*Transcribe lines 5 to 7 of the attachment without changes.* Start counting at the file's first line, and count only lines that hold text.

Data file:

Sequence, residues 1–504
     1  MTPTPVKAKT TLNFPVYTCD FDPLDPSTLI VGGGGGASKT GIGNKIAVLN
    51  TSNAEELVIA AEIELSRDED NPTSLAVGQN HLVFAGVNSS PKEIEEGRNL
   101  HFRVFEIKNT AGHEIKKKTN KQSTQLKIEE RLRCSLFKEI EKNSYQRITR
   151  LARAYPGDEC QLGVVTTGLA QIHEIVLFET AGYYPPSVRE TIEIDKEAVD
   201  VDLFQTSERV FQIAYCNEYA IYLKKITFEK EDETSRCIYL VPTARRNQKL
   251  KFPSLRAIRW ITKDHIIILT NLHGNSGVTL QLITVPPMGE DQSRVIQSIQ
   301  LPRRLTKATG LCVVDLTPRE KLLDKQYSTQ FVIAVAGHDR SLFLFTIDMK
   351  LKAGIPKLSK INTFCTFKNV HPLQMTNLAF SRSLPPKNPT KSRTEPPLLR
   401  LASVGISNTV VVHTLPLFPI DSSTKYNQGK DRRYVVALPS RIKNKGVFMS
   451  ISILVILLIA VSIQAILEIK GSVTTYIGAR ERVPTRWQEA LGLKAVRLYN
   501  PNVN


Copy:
   151  LARAYPGDEC QLGVVTTGLA QIHEIVLFET AGYYPPSVRE TIEIDKEAVD
   201  VDLFQTSERV FQIAYCNEYA IYLKKITFEK EDETSRCIYL VPTARRNQKL
   251  KFPSLRAIRW ITKDHIIILT NLHGNSGVTL QLITVPPMGE DQSRVIQSIQ